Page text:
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  Entertainment   Music  28 Nov 2016  When life influences art

When life influences art

Published : Nov 28, 2016, 12:08 am IST
Updated : Nov 28, 2016, 6:32 am IST

Grammy-nominated sitar player Anoushka Shankar speaks about her upcoming country tour, fusing electronica with the tuneful sitar.

Anoushka Shankar. (Photo: Jamie-James Medina/DG)
 Anoushka Shankar. (Photo: Jamie-James Medina/DG)

Emotions dictate her compositions and tunes. Five time Grammy-nominated sitar player Anoushka Shankar has always sought inspiration from those around her to make music. This time around, it was the heart-wrenching image of Aylan Kurdi, the Syrian infant who was washed ashore on a Turkish beach, that inspired her latest album — Land of Gold that embraces electronica and cross-genre collaborations. Offering an uplifting message of hope for dark times, the album is inspired by images of people fleeing civil war, oppression, poverty and unbearable hardship. Ahead of her city tour, for Land of Gold that was releaed early in summer on Deutsche Grammophon, Anoushka gives us an insight into her music and more. Excerpts of the interview:

Your father introduced Indian classical music to the world. Do you see yourself carrying forward that legacy?
I don’t believe one can think about things like legacies and the future and still be enough in the moment to make good art. The art one creates has to be very much in the present and about one’s self-expression. If that reaches people and has a lasting impact, that’s something to be very proud of.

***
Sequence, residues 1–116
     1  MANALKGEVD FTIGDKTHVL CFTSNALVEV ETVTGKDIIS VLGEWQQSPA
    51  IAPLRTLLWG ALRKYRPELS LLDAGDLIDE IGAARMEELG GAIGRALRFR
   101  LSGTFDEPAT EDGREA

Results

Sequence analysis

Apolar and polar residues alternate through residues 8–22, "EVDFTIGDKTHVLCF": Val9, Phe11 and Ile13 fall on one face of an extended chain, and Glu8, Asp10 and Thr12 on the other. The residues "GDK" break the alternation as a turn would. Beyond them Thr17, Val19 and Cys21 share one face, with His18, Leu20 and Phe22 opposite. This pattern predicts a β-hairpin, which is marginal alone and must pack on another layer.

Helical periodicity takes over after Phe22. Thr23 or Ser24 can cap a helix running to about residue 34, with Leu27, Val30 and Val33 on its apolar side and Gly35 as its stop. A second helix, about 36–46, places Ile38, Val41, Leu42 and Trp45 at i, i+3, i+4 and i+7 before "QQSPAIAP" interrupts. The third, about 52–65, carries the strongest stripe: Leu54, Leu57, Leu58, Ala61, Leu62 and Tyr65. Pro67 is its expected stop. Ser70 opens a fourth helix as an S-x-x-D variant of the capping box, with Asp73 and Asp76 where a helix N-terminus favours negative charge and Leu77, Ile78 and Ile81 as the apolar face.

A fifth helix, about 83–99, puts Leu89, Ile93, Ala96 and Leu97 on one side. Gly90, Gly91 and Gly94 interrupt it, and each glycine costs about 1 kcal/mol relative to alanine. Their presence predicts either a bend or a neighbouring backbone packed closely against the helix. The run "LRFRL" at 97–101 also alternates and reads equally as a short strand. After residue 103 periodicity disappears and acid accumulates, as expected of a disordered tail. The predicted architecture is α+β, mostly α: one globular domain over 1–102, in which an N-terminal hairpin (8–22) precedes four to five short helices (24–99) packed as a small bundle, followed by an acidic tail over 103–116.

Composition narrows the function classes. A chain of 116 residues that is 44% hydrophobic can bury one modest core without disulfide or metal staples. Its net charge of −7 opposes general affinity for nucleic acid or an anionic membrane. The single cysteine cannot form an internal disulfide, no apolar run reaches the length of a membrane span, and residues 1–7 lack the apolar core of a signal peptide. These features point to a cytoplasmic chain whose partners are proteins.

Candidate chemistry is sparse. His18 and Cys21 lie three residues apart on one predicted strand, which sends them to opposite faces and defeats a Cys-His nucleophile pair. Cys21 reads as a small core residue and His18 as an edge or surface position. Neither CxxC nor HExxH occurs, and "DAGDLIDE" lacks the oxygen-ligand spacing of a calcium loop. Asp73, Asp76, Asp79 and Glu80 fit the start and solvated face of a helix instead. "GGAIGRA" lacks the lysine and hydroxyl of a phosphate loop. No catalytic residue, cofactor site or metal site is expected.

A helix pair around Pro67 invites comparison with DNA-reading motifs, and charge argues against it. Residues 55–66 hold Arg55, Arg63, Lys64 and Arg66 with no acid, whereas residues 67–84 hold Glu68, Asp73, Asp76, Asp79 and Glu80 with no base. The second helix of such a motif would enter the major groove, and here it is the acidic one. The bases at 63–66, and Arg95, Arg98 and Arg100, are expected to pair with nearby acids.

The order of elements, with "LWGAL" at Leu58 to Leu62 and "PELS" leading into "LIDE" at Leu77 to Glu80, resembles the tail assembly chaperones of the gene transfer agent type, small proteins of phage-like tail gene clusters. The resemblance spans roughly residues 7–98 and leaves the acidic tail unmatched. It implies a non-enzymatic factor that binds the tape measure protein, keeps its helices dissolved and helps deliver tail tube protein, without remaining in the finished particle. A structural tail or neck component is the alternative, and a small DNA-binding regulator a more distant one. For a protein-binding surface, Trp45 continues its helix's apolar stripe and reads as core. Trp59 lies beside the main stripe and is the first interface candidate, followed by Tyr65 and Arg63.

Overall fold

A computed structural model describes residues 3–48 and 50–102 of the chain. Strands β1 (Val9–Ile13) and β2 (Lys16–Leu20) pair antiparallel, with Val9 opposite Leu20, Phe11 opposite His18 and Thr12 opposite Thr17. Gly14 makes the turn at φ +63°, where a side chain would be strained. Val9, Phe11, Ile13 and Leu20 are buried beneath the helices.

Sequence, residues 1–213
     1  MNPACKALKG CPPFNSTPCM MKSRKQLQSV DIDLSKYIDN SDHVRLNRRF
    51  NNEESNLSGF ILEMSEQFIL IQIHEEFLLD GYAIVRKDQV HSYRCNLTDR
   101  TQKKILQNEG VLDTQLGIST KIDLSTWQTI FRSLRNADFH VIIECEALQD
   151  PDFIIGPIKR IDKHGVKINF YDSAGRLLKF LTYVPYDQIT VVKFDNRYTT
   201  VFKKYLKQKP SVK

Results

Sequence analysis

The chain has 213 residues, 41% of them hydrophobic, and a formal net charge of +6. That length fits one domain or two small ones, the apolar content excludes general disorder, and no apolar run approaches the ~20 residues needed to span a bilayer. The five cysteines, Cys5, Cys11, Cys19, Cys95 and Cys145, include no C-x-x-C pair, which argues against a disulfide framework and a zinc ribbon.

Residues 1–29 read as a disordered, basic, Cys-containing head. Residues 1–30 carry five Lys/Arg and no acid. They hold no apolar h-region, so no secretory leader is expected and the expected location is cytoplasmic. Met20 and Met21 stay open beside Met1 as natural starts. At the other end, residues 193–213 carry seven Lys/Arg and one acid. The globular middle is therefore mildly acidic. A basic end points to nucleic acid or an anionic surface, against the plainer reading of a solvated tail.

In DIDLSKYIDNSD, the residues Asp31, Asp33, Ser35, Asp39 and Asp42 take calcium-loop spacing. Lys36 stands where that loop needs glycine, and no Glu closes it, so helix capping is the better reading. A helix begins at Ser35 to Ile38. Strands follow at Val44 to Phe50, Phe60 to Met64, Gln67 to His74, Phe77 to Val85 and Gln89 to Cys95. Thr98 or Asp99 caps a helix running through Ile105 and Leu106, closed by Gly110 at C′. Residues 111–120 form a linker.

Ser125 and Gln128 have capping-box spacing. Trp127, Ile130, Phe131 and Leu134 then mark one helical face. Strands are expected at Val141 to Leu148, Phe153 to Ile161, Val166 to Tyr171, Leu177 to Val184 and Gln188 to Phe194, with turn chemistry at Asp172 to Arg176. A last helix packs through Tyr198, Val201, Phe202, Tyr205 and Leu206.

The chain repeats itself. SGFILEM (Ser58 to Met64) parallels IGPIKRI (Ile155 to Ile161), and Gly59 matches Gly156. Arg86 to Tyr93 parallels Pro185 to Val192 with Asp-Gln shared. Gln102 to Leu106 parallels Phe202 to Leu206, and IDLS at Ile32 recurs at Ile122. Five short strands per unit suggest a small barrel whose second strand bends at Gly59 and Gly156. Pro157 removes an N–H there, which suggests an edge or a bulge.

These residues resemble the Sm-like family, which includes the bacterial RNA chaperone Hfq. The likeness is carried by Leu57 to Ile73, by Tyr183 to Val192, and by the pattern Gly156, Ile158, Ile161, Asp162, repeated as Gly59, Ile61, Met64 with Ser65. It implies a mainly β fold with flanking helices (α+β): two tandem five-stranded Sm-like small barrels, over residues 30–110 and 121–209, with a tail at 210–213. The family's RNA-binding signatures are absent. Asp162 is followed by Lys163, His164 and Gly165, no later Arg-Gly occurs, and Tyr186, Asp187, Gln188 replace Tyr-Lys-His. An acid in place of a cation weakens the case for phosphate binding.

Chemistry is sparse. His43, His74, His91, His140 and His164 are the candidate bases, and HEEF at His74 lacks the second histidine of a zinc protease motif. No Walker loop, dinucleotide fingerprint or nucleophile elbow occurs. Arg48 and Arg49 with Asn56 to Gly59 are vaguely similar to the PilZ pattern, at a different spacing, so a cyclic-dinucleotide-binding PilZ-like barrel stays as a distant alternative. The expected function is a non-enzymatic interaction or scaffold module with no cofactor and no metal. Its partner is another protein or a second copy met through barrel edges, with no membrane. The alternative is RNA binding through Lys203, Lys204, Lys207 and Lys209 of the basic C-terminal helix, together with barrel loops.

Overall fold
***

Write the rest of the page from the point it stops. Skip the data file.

What inspires your music?
Strong emotions compel me to write music. In the case of Land of Gold, I was watching the refugee crisis unfold and started writing music in response to the trauma I was seeing millions of people going through. It became an album about universal human emotions and connection.

Is Land of Gold any different than your last album Home? If so, how?
It’s similar to past albums, and different too. Home was a classical album, and Land of Gold is again “crossover” like the last few records before that. I really focused on taking the sitar out of its comfort zone. The album isn’t exotic in a way that’s often associated with the sitar. My instrument gets to be wild and be angry along with being loving and tender. Land of Gold like my other albums is my response to life. Sometimes I draw from very personal experiences, and sometimes from my emotional response to events in the world around me, but it’s always about emotions.

Your music this time brings together a host of genres. What’s the outcome like?
Land of Gold draws from Indian music, electronica, jazz, hip-hop and minimalism. I have been listening to electronica since I was 14 years old, but the reason I kept away from it in the last decade is because I found it frustrating to play it live 10 years ago with the way technology limited live musicians at the time. Today, the technology has changed and for live musicians, as opposed to DJ’s, we can play very freely whilst enjoying the full spectrum of electronic sounds.

What’s your advice for those who want to learn the sitar?
Be true to yourself, and trust the process of what is unfolding even when the results or answers don’t seem to be on the horizon.

Your husband, Joe, is an artist as well — do you two connect over your art forms and discuss work at home?  
Our art forms are a big part of who we each are, and therefore are a big part of our shared life. We support each other very much by being involved and giving feedback right from the inception stages through to completion of each project.  Joe has always been very engaged with my music. I read all the scripts he’s considering and watch the entire shooting and editing process. It’s very inspiring and interesting for us both.

Anoushka will be playing on December 3 at Shanmukhananda Hall, Comrade Harbanslal Marg, Sion,
Tickets available on

Tags: art, music, anoushka shankar, land of gold